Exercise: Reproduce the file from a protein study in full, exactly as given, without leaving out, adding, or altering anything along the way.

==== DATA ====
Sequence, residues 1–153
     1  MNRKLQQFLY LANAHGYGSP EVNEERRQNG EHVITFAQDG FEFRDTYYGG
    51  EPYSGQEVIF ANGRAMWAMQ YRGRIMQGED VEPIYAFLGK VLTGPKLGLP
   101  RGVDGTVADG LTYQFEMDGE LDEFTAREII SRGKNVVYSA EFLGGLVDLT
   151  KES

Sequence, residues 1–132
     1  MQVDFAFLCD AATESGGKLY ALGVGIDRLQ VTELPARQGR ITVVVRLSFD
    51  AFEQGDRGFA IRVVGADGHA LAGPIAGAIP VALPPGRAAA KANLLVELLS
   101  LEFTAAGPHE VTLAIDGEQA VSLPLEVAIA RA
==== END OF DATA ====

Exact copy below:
Sequence, residues 1–153
     1  MNRKLQQFLY LANAHGYGSP EVNEERRQNG EHVITFAQDG FEFRDTYYGG
    51  EPYSGQEVIF ANGRAMWAMQ YRGRIMQGED VEPIYAFLGK VLTGPKLGLP
   101  RGVDGTVADG LTYQFEMDGE LDEFTAREII SRGKNVVYSA EFLGGLVDLT
   151  KES

Sequence, residues 1–132
     1  MQVDFAFLCD AATESGGKLY ALGVGIDRLQ VTELPARQGR ITVVVRLSFD
    51  AFEQGDRGFA IRVVGADGHA LAGPIAGAIP VALPPGRAAA KANLLVELLS
   101  LEFTAAGPHE VTLAIDGEQA VSLPLEVAIA RA